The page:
For by (14), Schwarz inequality, and (3), we get with being a small positive constant. For , similarly we have
For , by Lemma 2, we obtain By Lemma 1, from (21)–(26), we get Choosing proper and kicking the last term into the left-hand side of (27), and applying Gronwall’s lemma, for , we have Together with (12) and (13), this yields (15).
4. Two-Grid Finite Element Method
In this section, we will present a two-grid finite element algorithm for problem (1) based on two different finite element spaces. The idea of the two-grid method is to reduce the nonlinear problem on a fine grid into a linear system on the fine grid by solving a nonlinear problem on a coarse grid. The basic mechanisms are two quasiuniform triangulations of , and , with two different mesh sizes and (), and the corresponding piecewise linear finite element spaces and which will be called the coarse-grid and the fine-grid spaces, respectively.
To solve problem (1), we introduce two-grid algorithms into finite element method. This method involves a nonlinear solution on the coarse grid space and a linear solution on the fine grid space. We present the two-grid finite element method with two steps.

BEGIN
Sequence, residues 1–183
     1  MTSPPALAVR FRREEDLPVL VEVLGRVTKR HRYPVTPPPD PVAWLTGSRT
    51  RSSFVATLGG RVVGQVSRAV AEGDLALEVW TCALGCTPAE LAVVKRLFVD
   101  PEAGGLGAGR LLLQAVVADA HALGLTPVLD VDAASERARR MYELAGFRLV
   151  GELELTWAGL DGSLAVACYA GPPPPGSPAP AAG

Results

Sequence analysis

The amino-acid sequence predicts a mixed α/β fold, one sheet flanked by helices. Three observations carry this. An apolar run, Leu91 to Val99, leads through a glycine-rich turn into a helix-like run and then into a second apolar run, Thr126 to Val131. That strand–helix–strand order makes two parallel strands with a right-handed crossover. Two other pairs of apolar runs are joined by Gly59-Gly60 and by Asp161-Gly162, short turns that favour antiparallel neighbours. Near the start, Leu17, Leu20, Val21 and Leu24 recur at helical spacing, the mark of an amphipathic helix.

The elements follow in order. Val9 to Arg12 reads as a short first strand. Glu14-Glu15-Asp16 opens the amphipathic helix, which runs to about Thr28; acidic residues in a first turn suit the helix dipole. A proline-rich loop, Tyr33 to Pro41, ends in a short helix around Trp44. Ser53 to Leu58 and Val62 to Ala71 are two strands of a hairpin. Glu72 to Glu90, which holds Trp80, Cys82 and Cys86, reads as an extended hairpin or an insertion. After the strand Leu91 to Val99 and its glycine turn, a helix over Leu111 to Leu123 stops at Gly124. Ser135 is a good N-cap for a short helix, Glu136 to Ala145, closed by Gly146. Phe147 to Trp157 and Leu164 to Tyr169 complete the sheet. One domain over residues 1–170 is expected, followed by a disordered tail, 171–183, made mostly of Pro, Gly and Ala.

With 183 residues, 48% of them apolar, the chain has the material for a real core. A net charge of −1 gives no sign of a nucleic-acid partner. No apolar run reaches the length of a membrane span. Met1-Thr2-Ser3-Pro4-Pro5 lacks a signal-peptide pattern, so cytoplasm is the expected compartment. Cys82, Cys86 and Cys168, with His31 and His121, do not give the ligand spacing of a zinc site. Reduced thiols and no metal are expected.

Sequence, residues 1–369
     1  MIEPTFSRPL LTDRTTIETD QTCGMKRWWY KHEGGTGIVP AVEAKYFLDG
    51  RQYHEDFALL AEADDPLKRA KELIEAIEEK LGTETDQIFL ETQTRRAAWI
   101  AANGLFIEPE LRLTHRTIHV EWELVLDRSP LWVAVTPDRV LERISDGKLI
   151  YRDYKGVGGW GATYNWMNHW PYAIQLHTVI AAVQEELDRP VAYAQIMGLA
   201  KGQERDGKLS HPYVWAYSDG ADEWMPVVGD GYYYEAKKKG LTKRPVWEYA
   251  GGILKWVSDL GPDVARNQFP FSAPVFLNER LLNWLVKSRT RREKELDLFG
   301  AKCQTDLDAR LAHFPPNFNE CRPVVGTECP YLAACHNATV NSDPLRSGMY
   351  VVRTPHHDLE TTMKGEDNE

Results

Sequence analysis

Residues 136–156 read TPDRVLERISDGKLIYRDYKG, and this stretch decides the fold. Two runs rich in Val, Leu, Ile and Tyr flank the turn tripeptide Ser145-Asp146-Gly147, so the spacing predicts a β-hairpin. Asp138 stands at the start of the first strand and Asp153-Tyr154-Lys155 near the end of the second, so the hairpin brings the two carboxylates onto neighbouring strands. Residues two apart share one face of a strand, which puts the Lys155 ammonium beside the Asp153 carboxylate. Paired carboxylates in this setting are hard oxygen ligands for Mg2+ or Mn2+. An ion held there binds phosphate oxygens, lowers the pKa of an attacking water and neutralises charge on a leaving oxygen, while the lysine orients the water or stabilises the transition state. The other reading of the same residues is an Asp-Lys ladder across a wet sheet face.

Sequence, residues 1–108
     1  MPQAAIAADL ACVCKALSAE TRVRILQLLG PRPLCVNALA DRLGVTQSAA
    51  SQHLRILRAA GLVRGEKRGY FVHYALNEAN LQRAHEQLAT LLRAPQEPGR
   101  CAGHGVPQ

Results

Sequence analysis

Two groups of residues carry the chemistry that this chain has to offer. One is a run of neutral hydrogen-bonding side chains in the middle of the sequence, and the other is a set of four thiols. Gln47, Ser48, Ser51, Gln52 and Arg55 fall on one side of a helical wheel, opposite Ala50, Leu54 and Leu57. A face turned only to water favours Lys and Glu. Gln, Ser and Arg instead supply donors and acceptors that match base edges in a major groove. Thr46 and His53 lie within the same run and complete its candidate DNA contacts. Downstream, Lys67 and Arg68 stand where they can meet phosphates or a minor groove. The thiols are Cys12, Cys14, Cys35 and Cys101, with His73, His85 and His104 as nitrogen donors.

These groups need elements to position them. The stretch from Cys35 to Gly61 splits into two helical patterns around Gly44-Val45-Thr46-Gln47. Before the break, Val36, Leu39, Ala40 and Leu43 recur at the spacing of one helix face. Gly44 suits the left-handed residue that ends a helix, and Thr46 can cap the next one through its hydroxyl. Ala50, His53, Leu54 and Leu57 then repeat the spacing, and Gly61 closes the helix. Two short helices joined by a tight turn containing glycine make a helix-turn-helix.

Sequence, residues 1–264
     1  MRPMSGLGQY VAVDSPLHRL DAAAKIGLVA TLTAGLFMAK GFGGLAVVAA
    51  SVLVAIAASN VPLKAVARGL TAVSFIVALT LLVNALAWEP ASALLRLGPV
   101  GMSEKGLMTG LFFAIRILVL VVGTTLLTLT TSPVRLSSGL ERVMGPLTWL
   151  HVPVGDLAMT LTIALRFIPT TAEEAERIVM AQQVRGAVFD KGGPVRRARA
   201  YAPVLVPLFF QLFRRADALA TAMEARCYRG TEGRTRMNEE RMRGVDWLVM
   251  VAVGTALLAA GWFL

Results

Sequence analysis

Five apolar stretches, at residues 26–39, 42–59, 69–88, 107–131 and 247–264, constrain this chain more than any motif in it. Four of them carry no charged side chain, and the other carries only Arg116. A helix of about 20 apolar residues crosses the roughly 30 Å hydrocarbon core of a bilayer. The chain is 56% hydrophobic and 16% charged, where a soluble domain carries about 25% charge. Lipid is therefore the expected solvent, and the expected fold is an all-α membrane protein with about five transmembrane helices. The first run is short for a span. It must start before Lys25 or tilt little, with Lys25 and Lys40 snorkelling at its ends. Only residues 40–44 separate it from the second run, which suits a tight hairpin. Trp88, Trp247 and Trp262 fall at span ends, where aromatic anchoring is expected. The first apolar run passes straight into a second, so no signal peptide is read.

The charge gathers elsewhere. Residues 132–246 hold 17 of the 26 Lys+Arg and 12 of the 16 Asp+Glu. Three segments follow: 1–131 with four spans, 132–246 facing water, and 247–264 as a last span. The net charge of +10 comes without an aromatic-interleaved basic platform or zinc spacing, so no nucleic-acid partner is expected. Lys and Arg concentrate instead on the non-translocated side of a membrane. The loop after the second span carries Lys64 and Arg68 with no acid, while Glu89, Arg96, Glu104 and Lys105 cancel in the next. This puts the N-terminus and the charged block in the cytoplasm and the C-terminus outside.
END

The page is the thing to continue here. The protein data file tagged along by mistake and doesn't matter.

Consider the following.
Step 1. On the coarse grid , find , such that Step 2. On the fine grid , find , such that
Now we consider the error estimates in the -norm for the two-grid finite element method Algorithm 4.
Proof. Once again, we set and choose . Then for Algorithm 4, we get the error equation Similarly as the proof of Theorem 3, we get For and , we can estimate them similarly as in Theorem 3. So our main task is to deal with . By (3), we have with being a small positive constant Substituting the estimates of in (33) and by Lemma 1, we obtain Choosing proper and kicking the last term into the left-hand side of (33), and applying Gronwall’s lemma, for , we have By Theorem 3, we obtain where independent of . Thus, By (12) and the triangular inequality, the proof is complete.
Remark 6. In order to give the fully discrete scheme, we further discretize time of the semidiscrete two-grid finite element method in this section. We consider a time step and approximate the solutions at , , . Denote , , , we can get the fully discrete two-grid finite element scheme for (1). For simplicity and convenience, we only give the fully discrete scheme for Algorithm 4.
Algorithm 4′. Consider the following.
Step 1. On the coarse grid , find , such that
Step 2. On the fine grid , find , such that
We can get the same kind of estimate as Theorem 5 with the result .
Conflict of Interests
The authors declare that there is no conflict of interests regarding the publication of this paper.
This work is supported by the National Natural Science Foundation of China (no. 11301456) and Shandong Province Natural Science Foundation (nos. ZR2010AQ010 and ZR2011AQ021).